|Grow as a houseplant or under heated glass.
|10 to 15C+
|Indoor / Outdoor
|Grow indoors, or outdoors in summer in a sheltered spot
|5 to 10C
|Grow outdoors in summer, and in a heated glasshouse in winter.
|1 to 5C
|Grow outdoors or under glass without risk of frost.
|-5 to 1C
|Hardy in coastal/mild/sheltered areas. Will not tolerate hard/sudden frost. May require winter protection in situ. such as fleece or straw mulch.
|-10 to -5C
|May suffer at altitude, central/northerly locations, harsh winters, cold gardens and when grown in pots.
|-15 to -10C+
|Will survive most severe winters but may be at risk in central/northerly locations and in pots. Top growth may be destroyed but will usually re-grow.
|-20 to -15C
|Will survive severe winter, but may need protection when grown in pots.
|-20C & Colder
|Very Hardy / Hardy
|in the severest European climates.
105 In stock
Originating from Far East
The Hardy Banana with its huge leaves and pendulous flowers and fruit is one the most iconic tropical plants we can grow in the UK. Forming clumps of multiple trunks, with the tallest reaching flowering maturity at about 3m and smaller stems at all sizes down to the new shoots emerging from the base, Musa basjoo makes a massive statement in any garden. The leaves can be 1.5m long, making the crown of just one plant potentially 3m wide, so the multiple crowns of a large clump need considerable space in a garden planting. When one of the trunks in a clump reaches maturity it produces a pendulous flowering structure known as an inflorescence, bearing numerous individual flowers. The inflorescence can be 70cm long and is covered in protective sheaths which open up in succession, from the tip of the flower back towards the trunk, revealing the flowers inside as the inflorescence matures. This process can take 6 or 8 weeks, and after the yellow flowers fade the green bananas start to form. In the UK the fruits only reach about 8 – 10cm long and have hardly any flesh inside them.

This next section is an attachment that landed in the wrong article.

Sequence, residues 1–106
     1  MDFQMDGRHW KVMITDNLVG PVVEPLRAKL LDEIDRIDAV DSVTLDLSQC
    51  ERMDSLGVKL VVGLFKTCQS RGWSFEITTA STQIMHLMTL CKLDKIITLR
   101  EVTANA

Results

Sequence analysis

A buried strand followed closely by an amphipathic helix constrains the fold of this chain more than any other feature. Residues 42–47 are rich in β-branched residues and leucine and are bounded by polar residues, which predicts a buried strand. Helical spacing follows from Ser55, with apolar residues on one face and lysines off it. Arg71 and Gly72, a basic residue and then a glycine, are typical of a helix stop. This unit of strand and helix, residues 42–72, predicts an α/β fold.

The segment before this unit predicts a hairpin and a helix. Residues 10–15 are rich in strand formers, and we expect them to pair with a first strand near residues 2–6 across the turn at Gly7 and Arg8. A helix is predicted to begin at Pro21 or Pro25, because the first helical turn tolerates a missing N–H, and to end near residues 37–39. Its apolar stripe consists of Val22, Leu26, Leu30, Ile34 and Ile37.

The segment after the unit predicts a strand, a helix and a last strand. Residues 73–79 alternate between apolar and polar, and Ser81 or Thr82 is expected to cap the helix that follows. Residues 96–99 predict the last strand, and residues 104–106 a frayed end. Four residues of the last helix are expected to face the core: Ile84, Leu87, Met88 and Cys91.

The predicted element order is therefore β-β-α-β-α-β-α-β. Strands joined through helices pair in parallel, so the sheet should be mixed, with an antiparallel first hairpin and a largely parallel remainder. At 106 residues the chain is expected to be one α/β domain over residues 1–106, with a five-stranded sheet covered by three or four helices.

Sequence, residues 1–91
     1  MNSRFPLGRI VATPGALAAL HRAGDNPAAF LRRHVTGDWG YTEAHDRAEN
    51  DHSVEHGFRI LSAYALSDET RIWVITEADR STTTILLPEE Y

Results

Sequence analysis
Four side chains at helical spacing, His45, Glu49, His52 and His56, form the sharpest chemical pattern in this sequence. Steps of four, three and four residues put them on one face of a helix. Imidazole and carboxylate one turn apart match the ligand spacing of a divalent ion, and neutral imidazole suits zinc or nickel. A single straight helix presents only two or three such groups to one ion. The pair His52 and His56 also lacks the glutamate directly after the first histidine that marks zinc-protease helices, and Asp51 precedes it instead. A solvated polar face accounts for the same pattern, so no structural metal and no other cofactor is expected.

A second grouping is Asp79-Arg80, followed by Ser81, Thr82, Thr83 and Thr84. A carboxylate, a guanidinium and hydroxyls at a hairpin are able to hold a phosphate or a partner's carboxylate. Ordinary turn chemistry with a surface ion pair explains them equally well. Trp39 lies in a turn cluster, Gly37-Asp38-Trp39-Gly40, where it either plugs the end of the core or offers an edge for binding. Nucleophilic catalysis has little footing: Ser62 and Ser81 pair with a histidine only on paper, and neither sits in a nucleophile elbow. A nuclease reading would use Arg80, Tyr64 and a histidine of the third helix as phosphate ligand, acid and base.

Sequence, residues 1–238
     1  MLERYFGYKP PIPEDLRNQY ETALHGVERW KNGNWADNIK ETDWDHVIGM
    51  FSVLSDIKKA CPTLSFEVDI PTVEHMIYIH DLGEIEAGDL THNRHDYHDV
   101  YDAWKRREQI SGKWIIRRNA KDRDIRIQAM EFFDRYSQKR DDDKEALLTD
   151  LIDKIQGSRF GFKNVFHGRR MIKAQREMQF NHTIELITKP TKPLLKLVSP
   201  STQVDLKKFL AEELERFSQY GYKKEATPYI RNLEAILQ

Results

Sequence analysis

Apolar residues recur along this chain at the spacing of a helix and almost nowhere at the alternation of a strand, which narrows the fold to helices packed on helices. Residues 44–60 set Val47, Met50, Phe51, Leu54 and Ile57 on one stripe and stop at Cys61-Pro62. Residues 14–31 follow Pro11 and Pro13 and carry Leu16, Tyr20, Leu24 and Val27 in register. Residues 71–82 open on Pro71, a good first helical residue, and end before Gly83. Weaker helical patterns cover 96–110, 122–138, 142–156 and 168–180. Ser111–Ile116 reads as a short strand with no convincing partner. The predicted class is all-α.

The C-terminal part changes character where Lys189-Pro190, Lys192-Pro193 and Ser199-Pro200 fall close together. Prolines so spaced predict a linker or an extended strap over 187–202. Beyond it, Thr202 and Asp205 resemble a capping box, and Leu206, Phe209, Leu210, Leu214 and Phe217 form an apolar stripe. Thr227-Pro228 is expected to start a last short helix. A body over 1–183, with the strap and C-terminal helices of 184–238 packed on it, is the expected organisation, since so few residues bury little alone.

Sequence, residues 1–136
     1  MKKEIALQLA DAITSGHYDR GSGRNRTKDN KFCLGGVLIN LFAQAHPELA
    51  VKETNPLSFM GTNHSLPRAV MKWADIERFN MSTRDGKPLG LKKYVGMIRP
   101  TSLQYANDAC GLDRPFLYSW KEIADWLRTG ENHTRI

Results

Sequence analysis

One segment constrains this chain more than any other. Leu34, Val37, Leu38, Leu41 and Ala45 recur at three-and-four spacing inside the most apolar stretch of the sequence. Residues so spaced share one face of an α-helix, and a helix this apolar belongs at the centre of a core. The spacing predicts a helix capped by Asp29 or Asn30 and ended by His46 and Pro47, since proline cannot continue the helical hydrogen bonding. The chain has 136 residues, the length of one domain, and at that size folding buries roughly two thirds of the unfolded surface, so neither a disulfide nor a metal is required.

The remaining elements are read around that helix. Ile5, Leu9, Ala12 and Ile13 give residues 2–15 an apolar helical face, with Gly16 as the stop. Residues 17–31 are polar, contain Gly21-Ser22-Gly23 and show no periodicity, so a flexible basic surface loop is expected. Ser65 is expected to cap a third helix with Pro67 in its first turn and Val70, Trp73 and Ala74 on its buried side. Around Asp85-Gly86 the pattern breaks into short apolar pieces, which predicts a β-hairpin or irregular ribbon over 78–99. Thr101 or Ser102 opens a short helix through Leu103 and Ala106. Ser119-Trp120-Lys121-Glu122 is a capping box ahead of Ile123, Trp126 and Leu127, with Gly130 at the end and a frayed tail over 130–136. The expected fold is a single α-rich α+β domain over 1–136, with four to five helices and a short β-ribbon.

Musa basjoo is a tried and tested root hardy tropical banana plant. In mild winters the frost may only kill off the leaves, in milder parts of the UK. In colder areas or in more severe winter weather the trunk may be cut down to ground level, but the roots will remain intact. In our coldest recent winter in 2009 an unprotected clump took several months to send up new shoots, meaning that the roots may have sustained some damage – but were not killed off completely. A deep mulch over the base of the clump would have helped to protect the roots in this case. After average winters Musa basjoo roots send up suckers early the following spring and these grow vigorously, often producing plants over 2m tall in just one season.
If the trunks are insulated, by wrapping them, you ensure your chances of achieving a banana tree of majestic proportions in just a few seasons. Musa basjoo are gross feeders and only reach their full growth rate in very fertile, moisture-retentive soil in full sun or dappled shade. The best-looking plants of this species are grown in shelter from the wind, as the soft and fleshy leaves tear easily in strong or turbulent wind, although the plants are able to sustain this sort of superficial damage and grow healthily as the torn leaves remain green.
Height and spread after 2-3 years 2m x 1.5m
Mature height and spread after 6-10 years 4m x 4m